A narrow sacristy and chapter house were located on the ground floor level at the southern transept. On the upper floor there was a dormitory and probably latrines, located somewhere along the outflow that crossed the entire monastery complex. The sacristy was originally divided into two rooms, of which the western probably was a small book room (armarium), and the eastern, illuminated by a single window, a room intended for storing vestments and liturgical vessels. In the neighboring chapter house, the brothers gathered every morning, sitting on benches along the four-sided walls, where the matters of the convent were debated, monks were tried, and the abbot’s orders were heard. The chapter house was probably built in the 12th century, and in the 1220s it could have been enlarged on the eastern side. In the fourteenth century, however, it was reduced by half, and at the same time increased, perhaps after the damages caused during the Welsh uprising of 1294. Probably the eastern, cut off part was occupied by the tombs of the abbots. The entrance to the chapter house led from the cloister, through the 13th-century ogival, richly profiled portal, flanked by two high, moulded arcades. It was quite a typical solution for Cistercian abbeys.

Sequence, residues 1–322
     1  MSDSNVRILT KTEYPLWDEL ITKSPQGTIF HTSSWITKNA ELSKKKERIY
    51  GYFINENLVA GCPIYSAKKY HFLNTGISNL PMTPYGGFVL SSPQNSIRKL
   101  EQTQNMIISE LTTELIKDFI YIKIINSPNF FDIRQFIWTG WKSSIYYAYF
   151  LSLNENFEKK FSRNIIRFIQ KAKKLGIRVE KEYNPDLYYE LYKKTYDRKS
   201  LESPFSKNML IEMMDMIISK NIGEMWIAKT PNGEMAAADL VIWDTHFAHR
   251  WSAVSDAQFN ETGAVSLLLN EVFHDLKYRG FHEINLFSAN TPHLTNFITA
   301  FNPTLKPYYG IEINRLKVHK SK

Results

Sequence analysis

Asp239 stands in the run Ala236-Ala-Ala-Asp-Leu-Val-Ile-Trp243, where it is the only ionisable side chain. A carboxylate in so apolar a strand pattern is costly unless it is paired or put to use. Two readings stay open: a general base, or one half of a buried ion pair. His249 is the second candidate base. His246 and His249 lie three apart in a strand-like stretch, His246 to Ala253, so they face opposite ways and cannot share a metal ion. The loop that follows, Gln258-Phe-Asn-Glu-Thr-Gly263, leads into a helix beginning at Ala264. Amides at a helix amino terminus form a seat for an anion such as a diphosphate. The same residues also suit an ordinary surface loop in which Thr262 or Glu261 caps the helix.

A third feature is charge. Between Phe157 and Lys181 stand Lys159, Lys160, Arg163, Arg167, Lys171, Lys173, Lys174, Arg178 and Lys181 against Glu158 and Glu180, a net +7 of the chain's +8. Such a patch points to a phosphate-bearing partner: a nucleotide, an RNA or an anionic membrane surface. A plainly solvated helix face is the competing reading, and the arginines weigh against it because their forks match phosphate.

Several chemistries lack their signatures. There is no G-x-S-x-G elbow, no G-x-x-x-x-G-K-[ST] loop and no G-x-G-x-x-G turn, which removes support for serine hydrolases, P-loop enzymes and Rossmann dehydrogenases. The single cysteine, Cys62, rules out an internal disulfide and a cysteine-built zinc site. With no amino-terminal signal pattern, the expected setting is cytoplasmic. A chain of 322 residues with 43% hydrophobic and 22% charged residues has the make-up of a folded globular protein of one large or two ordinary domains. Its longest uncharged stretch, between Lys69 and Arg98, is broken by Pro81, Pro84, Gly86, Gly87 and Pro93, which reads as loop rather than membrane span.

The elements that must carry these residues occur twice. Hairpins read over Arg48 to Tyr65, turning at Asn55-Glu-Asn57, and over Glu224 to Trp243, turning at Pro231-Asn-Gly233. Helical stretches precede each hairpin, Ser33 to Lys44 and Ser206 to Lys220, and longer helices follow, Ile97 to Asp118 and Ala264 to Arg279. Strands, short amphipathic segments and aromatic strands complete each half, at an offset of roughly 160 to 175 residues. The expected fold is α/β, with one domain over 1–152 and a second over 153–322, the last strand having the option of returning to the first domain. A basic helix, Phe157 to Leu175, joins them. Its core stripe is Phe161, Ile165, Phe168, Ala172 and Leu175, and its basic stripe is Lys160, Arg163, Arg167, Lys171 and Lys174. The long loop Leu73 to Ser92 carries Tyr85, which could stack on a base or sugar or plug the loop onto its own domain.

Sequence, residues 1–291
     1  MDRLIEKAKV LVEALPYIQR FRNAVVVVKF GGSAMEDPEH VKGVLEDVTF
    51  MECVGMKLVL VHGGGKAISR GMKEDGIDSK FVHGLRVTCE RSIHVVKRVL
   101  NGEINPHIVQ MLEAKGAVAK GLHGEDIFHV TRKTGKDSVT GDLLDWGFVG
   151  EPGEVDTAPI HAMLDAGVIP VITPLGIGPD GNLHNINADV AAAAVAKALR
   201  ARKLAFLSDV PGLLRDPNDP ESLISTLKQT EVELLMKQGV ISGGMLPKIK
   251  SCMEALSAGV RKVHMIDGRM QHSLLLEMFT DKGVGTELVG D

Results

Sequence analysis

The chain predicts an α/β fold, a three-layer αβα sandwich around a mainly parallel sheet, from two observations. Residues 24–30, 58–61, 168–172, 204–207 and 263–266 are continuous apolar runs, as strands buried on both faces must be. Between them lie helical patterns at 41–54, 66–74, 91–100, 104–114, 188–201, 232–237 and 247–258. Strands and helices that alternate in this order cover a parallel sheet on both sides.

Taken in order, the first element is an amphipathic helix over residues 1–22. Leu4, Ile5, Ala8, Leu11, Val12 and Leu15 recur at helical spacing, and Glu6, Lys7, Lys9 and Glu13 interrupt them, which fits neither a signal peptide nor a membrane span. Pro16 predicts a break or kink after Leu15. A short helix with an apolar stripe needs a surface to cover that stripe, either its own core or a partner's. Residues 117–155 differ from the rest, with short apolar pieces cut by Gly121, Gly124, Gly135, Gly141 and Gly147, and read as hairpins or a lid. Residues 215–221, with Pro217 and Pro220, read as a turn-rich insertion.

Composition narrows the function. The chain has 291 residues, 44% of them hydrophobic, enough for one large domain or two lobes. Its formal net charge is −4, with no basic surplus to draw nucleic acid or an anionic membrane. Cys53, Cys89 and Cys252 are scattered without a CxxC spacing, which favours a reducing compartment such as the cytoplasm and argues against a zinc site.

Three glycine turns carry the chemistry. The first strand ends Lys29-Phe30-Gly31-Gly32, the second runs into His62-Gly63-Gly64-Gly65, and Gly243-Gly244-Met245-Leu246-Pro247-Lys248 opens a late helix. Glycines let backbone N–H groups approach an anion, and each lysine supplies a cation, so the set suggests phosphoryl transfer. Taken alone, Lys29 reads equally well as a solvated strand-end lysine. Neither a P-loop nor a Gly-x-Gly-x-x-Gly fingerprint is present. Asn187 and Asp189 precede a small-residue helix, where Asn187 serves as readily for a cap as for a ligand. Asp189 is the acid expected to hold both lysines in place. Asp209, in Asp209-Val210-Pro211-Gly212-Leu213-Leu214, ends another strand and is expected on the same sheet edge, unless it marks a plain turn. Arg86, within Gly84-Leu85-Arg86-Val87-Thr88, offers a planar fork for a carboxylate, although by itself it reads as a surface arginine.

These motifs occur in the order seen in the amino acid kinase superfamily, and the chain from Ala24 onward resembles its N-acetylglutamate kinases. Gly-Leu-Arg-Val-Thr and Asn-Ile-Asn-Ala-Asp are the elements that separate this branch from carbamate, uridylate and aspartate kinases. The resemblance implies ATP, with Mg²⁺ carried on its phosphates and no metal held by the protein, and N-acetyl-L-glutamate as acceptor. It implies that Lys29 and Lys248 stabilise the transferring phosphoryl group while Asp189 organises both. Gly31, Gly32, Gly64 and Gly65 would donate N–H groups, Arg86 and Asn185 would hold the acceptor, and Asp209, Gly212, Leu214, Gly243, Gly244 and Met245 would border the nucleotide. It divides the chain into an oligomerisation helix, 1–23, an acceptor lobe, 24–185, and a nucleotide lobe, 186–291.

In the south range in Cistercian monasteries, most often from the east there was a warming room, that is a room heated every day in winter, and from the west a kitchen. The refectory, the place where meals were eaten, was between them, most often protruding perpendicularly outside the compact building complex. The west wing had two floors for lay brothers. At the ground floor level there was a day room and refectory, while on the first floor a dormitory. The ground floor could also have storage rooms and pantries, as well as a parlour, in which conversations with secular guests and the abbey’s visitors were conducted without breaking the monastic rule. Farther away from the enclosed buildings, the infirmary was located in the south-east, where the sick and old brothers stayed. During the cassation period in the 16th century it was in a state of ruin.
Only the outlines of foundations and the lower parts of the church walls and the northern part of the monastery buildings with the cloister and chapter house have survived to the modern times. One of the most interesting details is the preserved western portal, once the main entrance to the monastery church, and decorated floor tiles. Above the southern part, where the refectory was once located, a house was built in the 17th century. The area of the abbey is open to tourists.
Burton J., Stöber K., Abbeys and Priories of Medieval Wales, Chippenham 2015.
Platt C., Robinson D., Strata Florida Abbey, Talley Abbey, Cardiff 1998.
Website castlewales.com, Strata Florida Abbey.